Well, Yes, I'm sure there are plenty of people who have other motivations besides the money. Things like the fame and the challenge of it. Of course, if your doing this kind of thing just because you enjoy a good challenge, the possibility of also getting $100,000 sure does make it a lot sweeter. Also, if I was doing this kind of thing for the fun of it and had to pick a target for my next challenge... $12.50 or $100,000... kind of obvious what one I would choose. Both would be fun and provide a challenge, but one gives so much more.

  2. Vinny Sheridan · 314 days ago

    Dear All.
    I would just like to know whether or not anyone else has any problems with their Computers after this last Patch Tuesday.
    I can no longer access Windows Update, Microsoft have been less than helpful, also there are other people on various forums who have had similar problems.
    I have done a full Scan of my computer and have no Virus.. ( On Windows XP )
    Any Guidance would be Fabulous!!!
    Vinny Sheridan, Manchester UK.

    • Tom · 313 days ago

      Restore to prior the updates then just install one at a time then checking until you can no longer access WU.

      Also check that Windows Module Installer is set to Manual in services.msc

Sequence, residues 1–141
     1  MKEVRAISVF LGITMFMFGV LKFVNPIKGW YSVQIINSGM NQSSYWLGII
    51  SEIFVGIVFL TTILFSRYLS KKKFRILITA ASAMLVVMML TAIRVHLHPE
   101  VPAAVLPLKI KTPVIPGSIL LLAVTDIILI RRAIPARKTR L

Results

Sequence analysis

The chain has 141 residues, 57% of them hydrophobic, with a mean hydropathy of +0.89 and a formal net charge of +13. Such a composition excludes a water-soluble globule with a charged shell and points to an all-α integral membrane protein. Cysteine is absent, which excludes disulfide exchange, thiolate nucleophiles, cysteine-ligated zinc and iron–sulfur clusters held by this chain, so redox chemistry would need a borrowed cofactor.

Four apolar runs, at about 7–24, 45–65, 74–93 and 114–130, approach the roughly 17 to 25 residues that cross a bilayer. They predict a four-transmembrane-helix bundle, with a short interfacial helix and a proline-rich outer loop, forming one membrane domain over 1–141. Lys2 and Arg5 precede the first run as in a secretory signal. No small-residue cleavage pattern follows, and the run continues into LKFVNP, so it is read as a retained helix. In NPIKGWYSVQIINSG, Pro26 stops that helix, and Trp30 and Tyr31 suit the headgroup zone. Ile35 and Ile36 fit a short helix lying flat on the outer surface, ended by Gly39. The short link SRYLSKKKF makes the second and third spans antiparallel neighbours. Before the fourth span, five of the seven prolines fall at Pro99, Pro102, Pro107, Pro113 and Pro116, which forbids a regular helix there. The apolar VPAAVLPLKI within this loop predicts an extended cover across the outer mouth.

As the Updates included a number for .NET Framework, it could have disrupted the existing install.

      To help with that, Google for .NET Framework Repair Tool and use the Microsoft download link - this site doesn't seem to allow an active link to be pasted.

      It could also be your AV program - don't know what you're using but if it isn't MSE then temporarily uninstall what you have and install MSE for elimination purposes if the previous suggestions don't resolve.

Leave a Reply

Fill in your details below or click an icon to log in:

WordPress.com Logo

You are commenting using your WordPress.com account. Log Out / Change )

Twitter picture

You are commenting using your Twitter account. Log Out / Change )

Facebook photo

You are commenting using your Facebook account. Log Out / Change )

Google+ photo

You are commenting using your Google+ account. Log Out / Change )

Connecting to %s

About the author

Lee Munson is the founder of Security FAQs, a social media manager with BH Consulting and a blogger with a huge passion for information security.